Collage of British cinema magazines

"Cinema is not only about making people dream." - Nadine Labaki

Information at a Glance

  • Evening Class
  • Wednesdays 18:00 - 20:00
  • 10 weeks: May to July
  • 2 hours weeky online taught time
  • Tutor: Eleonora Sammartino
  • Fees from £67 to £117
  • COURSE CANCELLED
Booking link

While Norma Desmond, the once legendary silent film actress played by Gloria Swanson in Sunset Boulevard, firmly believed that “the pictures got small” with the transition to sound, Classic Hollywood cinema was a prolific period of production that generated a high number of popular films. From greatly enjoyable musicals like Singin’ in the Rain (G. Kelly and S. Donen, 1952) and screwball comedies such as His Girl Friday (H. Hawks, 1940) to the dark tones of film noirs like Double Indemnity (B. Wilder, 1944) and the heartbreaks of melodramas as All That Heaven Allows (D. Sirk, 1955), many of the films made during this period are thought of as well-loved classics to this day.

This course will introduce the students to the history of the Hollywood Studio System in the period between the late 1920s and the 1950s. Through the lens of film genres, we will examine modes of production, distribution and exhibition that characterised Classic Hollywood cinema, further considering the role of stars and key personnel in studios such as MGM, Universal or RKO. Looking at a wide range of examples, we will reflect on how genres can be defined and analyse narrative, stylistic and aesthetic conventions through the use of clips from well-known as well as from less popular films. We will also discuss the relationship between cinema and the socio-historical, political, and cultural contexts in which films have been produced, distributed and consumed, with a special focus on gender, race, class.

At the end of the course, students will have a greater understanding of how film genres work and of Classic Hollywood history.

No previous knowledge of Film Studies is required.

Online Class Format and Equipment

The class will consist of a lecture by the tutor, including clips from films to be discussed in the group chat.

Slides will be made available on the day of the course with links to videos that will be used during the lecture. Students should have the videos ready on their own browser to be watched during the class. Additional reading/viewing material and optional tasks will be provided for independent study during the week.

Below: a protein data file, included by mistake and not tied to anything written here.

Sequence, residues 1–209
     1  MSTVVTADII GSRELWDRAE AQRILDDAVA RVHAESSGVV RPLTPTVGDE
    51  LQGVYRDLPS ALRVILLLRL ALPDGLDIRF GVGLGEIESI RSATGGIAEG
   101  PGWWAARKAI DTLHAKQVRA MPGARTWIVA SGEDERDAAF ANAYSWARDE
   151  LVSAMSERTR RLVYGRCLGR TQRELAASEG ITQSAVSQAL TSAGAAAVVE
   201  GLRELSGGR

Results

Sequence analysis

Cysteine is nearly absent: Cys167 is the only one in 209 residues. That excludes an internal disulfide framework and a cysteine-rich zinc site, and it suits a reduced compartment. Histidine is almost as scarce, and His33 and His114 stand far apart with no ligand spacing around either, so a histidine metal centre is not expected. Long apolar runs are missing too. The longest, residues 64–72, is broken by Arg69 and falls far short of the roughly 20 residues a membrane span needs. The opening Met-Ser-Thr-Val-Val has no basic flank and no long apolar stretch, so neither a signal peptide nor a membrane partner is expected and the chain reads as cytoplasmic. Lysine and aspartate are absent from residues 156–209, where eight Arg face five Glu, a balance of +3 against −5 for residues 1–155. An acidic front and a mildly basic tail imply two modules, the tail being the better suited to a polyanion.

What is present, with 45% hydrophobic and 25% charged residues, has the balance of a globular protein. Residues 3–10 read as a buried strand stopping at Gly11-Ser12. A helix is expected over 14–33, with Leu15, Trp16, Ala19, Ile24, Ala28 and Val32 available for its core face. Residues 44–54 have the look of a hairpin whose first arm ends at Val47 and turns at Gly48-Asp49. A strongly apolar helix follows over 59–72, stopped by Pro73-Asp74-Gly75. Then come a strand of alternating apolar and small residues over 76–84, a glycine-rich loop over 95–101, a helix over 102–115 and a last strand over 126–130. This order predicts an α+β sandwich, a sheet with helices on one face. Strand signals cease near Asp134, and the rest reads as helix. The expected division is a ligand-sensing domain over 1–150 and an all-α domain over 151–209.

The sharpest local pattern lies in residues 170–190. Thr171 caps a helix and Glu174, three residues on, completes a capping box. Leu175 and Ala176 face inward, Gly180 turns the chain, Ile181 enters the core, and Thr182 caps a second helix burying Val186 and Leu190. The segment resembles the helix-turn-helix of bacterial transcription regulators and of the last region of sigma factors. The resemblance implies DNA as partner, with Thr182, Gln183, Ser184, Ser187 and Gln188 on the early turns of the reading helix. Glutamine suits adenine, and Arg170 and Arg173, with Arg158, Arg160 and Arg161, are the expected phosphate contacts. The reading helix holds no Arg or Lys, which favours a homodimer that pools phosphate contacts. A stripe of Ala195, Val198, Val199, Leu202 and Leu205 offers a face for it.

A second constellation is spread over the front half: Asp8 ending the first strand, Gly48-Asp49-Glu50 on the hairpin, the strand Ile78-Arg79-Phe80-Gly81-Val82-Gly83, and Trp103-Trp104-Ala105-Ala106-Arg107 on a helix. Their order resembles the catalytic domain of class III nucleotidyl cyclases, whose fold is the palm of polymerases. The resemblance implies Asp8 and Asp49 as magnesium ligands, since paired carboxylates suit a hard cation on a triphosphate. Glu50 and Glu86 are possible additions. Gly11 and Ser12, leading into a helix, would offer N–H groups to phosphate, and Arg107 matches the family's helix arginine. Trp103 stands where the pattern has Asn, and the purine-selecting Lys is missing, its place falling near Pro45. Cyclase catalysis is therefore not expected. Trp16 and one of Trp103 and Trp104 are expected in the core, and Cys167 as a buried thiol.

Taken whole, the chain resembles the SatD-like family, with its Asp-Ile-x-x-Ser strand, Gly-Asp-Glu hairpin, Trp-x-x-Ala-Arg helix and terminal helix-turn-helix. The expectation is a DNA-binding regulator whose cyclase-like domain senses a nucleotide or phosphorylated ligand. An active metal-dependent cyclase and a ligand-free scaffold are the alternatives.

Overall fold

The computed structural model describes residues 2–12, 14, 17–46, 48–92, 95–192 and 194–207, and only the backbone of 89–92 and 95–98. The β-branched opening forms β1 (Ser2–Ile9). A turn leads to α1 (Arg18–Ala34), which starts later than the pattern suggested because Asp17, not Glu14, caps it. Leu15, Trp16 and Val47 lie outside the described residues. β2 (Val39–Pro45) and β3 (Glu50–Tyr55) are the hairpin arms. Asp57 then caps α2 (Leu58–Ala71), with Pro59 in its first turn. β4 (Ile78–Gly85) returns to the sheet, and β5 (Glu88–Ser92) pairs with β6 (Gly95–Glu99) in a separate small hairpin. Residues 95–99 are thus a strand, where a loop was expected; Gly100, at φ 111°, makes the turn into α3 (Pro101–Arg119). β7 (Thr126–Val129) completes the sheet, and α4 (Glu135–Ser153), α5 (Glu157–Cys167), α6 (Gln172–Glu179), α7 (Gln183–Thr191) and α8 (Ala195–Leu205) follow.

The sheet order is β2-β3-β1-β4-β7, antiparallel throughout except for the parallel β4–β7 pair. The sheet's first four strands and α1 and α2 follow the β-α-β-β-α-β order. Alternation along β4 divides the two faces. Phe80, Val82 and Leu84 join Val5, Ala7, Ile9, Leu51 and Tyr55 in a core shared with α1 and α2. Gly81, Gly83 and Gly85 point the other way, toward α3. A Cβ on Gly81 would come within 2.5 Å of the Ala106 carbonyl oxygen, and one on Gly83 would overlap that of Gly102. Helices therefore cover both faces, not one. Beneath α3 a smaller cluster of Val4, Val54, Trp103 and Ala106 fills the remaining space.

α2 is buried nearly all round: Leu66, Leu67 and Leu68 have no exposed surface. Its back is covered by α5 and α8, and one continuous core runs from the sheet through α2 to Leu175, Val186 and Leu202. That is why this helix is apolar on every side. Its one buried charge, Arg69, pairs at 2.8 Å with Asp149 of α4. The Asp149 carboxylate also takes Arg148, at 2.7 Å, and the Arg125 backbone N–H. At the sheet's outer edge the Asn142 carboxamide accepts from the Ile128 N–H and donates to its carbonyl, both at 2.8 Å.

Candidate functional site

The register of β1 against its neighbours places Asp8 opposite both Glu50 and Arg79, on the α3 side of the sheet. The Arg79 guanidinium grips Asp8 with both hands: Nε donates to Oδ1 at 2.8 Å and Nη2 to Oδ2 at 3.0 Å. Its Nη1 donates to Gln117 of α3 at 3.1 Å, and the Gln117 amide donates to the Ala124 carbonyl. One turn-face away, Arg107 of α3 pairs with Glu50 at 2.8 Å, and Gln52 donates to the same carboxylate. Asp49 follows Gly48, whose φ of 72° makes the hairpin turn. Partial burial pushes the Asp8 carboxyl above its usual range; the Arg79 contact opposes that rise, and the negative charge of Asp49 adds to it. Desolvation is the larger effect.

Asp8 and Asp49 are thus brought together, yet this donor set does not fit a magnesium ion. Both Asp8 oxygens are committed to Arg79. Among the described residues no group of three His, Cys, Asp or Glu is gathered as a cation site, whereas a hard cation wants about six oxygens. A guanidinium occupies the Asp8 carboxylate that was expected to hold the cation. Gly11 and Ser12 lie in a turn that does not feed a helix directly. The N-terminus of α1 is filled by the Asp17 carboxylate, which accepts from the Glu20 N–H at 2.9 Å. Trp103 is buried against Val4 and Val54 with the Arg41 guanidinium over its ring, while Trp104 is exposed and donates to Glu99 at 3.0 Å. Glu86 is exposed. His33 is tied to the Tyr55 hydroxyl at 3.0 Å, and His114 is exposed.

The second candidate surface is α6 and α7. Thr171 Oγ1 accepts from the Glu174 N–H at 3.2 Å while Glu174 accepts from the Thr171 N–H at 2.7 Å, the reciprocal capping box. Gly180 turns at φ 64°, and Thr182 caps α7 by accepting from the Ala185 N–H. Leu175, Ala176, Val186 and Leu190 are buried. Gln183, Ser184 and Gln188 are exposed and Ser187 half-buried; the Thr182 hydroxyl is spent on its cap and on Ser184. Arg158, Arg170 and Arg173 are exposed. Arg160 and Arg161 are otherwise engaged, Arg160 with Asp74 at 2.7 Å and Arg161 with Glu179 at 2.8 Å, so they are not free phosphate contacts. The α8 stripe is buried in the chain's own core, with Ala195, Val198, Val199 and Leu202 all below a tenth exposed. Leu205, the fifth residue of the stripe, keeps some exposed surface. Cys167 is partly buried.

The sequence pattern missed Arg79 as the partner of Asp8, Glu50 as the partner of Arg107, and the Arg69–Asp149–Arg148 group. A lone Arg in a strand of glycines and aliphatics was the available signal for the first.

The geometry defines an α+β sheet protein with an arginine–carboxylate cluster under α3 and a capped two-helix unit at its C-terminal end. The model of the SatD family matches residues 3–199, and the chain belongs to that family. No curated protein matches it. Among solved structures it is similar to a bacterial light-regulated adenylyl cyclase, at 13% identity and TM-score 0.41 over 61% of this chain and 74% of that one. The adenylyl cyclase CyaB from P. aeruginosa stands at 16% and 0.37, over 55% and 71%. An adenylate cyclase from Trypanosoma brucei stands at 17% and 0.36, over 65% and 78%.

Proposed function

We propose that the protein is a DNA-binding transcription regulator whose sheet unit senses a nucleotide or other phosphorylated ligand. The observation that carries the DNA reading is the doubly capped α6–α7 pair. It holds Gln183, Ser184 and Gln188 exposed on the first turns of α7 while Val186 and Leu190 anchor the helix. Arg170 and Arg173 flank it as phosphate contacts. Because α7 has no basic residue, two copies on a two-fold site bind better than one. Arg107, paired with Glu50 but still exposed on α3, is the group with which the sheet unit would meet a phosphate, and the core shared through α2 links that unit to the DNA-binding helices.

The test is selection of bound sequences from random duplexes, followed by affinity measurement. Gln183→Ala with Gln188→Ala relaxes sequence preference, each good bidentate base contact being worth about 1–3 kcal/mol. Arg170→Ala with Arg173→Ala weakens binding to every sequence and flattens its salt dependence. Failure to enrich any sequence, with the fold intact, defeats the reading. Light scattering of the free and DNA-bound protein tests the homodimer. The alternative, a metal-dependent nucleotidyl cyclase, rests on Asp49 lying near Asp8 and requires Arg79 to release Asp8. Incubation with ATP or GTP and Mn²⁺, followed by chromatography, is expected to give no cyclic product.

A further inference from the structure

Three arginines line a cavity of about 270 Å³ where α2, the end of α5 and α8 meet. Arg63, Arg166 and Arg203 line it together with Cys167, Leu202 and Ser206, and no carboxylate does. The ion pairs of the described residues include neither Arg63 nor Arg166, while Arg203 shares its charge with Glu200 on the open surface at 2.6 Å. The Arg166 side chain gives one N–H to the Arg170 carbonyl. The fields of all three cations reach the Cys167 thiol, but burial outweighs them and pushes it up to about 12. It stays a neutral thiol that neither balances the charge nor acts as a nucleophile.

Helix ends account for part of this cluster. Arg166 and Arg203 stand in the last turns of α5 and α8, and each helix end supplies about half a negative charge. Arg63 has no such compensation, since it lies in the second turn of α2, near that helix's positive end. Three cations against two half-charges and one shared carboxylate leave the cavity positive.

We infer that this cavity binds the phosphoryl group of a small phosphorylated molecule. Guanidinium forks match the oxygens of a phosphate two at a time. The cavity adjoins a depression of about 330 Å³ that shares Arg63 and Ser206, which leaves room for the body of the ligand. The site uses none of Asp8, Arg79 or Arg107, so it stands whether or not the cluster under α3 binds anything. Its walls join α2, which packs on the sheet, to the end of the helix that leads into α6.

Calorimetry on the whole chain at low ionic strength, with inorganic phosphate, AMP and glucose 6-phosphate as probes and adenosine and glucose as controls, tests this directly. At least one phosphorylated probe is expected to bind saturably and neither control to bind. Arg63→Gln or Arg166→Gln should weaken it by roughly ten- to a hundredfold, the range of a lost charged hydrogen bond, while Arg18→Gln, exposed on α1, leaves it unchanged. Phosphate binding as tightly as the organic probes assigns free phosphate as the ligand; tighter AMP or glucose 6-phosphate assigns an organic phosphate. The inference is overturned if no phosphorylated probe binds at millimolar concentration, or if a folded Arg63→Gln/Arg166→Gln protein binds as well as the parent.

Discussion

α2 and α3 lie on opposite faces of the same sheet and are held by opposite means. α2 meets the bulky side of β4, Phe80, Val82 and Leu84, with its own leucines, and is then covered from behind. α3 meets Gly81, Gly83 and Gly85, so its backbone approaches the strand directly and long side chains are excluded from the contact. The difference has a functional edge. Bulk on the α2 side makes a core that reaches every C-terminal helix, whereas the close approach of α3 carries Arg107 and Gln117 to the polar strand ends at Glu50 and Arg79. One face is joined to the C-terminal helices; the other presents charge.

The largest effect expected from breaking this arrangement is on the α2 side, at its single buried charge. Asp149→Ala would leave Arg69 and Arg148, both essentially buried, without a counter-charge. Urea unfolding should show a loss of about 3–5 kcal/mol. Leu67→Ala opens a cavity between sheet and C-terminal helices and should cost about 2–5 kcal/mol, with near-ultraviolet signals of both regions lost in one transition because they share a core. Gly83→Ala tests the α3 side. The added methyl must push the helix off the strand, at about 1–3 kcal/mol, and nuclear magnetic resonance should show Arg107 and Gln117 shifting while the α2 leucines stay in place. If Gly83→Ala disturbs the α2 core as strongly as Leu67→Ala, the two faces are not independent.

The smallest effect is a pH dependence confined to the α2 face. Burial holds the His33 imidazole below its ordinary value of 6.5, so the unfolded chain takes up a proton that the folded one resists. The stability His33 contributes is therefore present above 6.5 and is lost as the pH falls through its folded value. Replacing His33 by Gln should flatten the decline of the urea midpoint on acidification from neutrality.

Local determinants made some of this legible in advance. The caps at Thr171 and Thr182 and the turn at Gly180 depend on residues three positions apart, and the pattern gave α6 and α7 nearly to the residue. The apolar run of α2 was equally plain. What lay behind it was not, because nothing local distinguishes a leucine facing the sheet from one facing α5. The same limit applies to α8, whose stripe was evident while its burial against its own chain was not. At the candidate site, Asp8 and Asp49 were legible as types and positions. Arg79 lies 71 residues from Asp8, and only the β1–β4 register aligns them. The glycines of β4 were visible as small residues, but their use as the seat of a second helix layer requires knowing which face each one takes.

To take part in this class you will need an internet connected computer and up-to-date Adobe Flash Player or similar to access videos online. If YouTube/Vimeo are working on your device of choice, this should be already ok.

You will also need a Microsoft Teams account. Microsoft Teams accounts are free, but you do need to register for one in advance using the same email address with which you enrol on this course. We recommend you also download the Microsoft Teams App.

It is possible to take this course "passively" without a microphone and/or webcam attached to your computer, but if you want to take part in class discussions you will need at least a microphone connected to your computer. Many computers, laptops and tablets already have these built in, but you might want to check on that first.

*** COURSE CANCELLED DUE TO INSUFFICIENT INTEREST ***

Course Information

Course Programme

Slides will be made available on the day of the course with links to videos that will be used during the lecture. Students should have the videos ready on their own browser to be watched during the class.

The class will consist of a lecture by the tutor, including clips from films to be discussed in the group chat.

Additional reading/viewing material and optional tasks will be provided for independent study during the week.

COURSE PROGRAMME

Week 1: Introduction to Classic Hollywood and Film Genres

In this session, we will introduce the course, taking a look at some of its main themes and topics. We will then focus on the emergence of the Hollywood Studio System in the late silent cinema period, considering its structure according to an integration of production, distribution and exhibition phases. We will further explore the organization of the studios in producer-led units. Finally, we will survey some of the main theories on film genres and start to outline how genres could be defined.

Week 2: Comedy

This week, we will focus on comedy. We will start by questioning whether it could be defined as a genre or if it could be categorized in any other way. We will then explore examples of slapstick comedy and screwball comedy, tracing their emergence in different periods as well as some of their main conventions. Finally, we will consider the relationship between screwball comedies like Bringing Up Baby (H. Hawks, 1938) and the socio-cultural context of the 1930s.

Week 3: Western

In this session, we will explore one of the genres that is commonly considered as quintessentially American: the western. During the lecture, we will outline the history of this genre, from its connections with literature and pre-cinema forms of entertainment to its emergence in Hollywood, further questioning its “evolution”. We will explore the foundational myth of the frontier, central to western films, and some of the key conventions that characterise the genre.

Week 4: Musical